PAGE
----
Sport | Cricket

McCullum gambling ad sees complaint to DIA

The Problem Gambling Foundation has also contacted the England and Wales Cricket Board, where Brendon McCullum is working as head coach. Photo / YouTube via NZME

A formal complaint has been made by the Problem Gambling Foundation to the Department of Internal Affairs (DIA) about an online gambling ad which former Black Caps star and current English cricket team coach Brendon McCullum is the face of.

The ads for Cyprus-based gambling company 22Bet have been "aggressively marketed" on YouTube over the past month, according to the Problem Gambling Foundation.

In response to the complaint, the DIA has declared that if the advertisements were on a New Zealand-based content provider - as opposed to international platform YouTube - they would be illegal.

The ads depict McCullum in a sports car in the desert, declaring himself the "brand ambassador for 22Bet".

"[In] the past week or so, I've noticed some aggressive advertisements on YouTube from 22Bet, which is a Cyprus-based betting operator. Most times I go to watch a video, an ad from 22Bet is played, saying that they are "legal bookers" and incentivising joining their platform with either a NZ$250 or NZ$750 sign-up bonus," the complaint from the Problem Gambling Foundation to the DIA said.

"Concerningly, Brendon McCullum is the brand ambassador for 22Bet, which legitimises and endorses the platform for Kiwi audiences."

The Problem Gambling Foundation said most of the YouTube ads were being advertised from fake accounts, and they were not targeting specific demographics through YouTube user data, but rather were indiscriminately promoted to any user.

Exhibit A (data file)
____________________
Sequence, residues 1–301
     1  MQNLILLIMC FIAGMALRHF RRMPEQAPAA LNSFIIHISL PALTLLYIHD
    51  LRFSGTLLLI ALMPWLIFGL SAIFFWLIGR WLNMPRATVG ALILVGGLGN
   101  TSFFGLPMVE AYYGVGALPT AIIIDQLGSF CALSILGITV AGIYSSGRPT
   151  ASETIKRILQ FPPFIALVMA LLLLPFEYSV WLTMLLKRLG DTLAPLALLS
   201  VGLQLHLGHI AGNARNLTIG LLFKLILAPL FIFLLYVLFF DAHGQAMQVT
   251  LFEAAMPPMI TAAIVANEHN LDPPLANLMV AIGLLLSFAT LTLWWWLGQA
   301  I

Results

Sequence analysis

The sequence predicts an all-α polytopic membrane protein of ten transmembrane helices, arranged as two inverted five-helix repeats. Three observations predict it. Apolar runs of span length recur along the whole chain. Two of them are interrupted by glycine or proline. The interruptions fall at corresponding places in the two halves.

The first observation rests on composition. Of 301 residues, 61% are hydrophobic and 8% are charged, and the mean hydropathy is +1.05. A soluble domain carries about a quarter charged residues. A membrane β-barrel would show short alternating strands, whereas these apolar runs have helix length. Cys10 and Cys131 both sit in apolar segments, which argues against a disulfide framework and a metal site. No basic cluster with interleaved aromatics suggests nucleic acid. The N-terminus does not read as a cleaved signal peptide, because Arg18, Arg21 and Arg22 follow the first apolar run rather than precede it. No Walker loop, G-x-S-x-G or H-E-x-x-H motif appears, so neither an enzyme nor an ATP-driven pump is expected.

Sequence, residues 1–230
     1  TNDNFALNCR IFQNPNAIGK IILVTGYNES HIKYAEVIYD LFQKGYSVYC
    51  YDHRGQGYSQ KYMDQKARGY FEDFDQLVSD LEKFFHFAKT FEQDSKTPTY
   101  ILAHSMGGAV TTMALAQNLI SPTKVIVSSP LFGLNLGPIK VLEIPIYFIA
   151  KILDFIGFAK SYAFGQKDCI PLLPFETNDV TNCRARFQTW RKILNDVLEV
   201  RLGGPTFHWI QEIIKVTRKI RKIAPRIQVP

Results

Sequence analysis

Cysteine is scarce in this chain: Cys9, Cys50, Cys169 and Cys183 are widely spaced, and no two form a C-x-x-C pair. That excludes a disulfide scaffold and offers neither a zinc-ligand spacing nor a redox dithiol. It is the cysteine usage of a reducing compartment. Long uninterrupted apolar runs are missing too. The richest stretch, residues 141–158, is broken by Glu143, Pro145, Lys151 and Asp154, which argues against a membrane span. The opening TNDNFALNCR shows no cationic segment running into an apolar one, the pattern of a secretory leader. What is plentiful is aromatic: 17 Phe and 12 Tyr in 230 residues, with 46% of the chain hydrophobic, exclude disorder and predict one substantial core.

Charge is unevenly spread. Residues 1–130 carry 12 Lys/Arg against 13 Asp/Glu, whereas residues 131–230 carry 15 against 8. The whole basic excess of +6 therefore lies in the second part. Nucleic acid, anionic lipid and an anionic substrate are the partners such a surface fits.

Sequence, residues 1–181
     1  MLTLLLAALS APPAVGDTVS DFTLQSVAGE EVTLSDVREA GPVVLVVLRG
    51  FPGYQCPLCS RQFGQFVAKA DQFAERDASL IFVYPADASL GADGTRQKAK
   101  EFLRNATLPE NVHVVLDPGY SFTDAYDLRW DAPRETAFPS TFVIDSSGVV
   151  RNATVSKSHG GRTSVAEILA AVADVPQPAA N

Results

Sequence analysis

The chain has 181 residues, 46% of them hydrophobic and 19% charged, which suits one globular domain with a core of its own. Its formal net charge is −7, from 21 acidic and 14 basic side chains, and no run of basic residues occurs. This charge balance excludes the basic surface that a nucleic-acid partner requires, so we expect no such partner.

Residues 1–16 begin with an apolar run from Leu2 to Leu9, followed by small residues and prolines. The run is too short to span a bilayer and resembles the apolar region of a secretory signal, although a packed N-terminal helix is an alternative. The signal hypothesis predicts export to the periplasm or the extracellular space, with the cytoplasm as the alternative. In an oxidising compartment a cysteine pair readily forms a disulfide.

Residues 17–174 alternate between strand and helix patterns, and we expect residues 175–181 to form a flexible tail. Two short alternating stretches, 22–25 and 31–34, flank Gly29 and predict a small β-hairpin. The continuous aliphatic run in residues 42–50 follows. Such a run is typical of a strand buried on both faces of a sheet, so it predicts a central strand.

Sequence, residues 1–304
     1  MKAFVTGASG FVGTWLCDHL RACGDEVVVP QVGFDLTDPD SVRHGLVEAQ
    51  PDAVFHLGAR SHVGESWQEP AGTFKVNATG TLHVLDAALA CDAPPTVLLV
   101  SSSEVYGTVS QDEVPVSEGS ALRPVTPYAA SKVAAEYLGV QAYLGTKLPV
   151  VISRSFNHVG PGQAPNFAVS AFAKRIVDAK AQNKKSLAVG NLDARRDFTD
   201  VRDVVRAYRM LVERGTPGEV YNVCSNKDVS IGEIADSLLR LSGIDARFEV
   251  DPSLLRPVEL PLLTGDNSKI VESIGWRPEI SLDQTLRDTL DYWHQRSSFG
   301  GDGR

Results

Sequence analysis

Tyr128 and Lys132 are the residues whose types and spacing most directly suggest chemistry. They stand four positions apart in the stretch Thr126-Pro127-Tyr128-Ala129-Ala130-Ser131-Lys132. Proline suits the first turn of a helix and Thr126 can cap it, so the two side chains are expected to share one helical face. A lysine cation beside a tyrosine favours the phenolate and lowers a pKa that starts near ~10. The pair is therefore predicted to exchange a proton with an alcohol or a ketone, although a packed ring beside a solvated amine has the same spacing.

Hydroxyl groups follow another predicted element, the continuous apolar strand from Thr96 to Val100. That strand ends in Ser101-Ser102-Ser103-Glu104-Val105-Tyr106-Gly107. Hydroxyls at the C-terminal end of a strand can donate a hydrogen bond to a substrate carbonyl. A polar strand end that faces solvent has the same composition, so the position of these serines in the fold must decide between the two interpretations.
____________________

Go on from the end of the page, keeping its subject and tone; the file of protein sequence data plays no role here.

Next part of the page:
"Could you please advise what can be done about this? I understand that it can be a bit of a whack-a-mole when it comes to regulating offshore online gambling operators, but 22Bet seems particularly interested in growing a consumer base in NZ," the complaint said.

The Problem Gambling Foundation has also contacted the England and Wales Cricket Board, where McCullum is working as head coach.

In response, the DIA said while they take the expansion of online gambling very seriously, they had limited capacity to regulate such overseas companies.

"Though we take online gambling very seriously, under the current Act, the department, as the gambling regulator, is limited in what measures we can take against overseas online gambling platforms," the DIA said.

"Currently, the prohibition does not apply to gambling conducted overseas and it is not illegal for a person in New Zealand to gamble with an overseas gambling provider over the internet.

"As 22Bet is conducted overseas, and as YouTube is an international website not specifically hosted within NZ, any advertisements displayed on these platforms would not be prohibited under the Act. If 22Bet was being advertised through an NZ-based content provider, then the advertising would be illegal."

The DIA said participation in such websites as 22Bet can expose people to potential fraud.

Online gambling sites are generally illegal to operate in New Zealand. However, the Gambling Act 2003 does provide limited exemptions for the New Zealand Racing Board (TAB) and the New Zealand Lotteries Commission.

"22Bet's current advertising is misleading as they are not a registered New Zealand sports bookmaker, nor are they licensed or regulated in New Zealand by the DIA," the DIA said.

"We are currently looking at avenues we can pursue, including contacting 22Bet [and] advising them to change ... misleading marketing and advertising which insinuates in any way that they are a New Zealand-based gambling operator."

A review of online gambling commenced in 2019 in New Zealand and continues.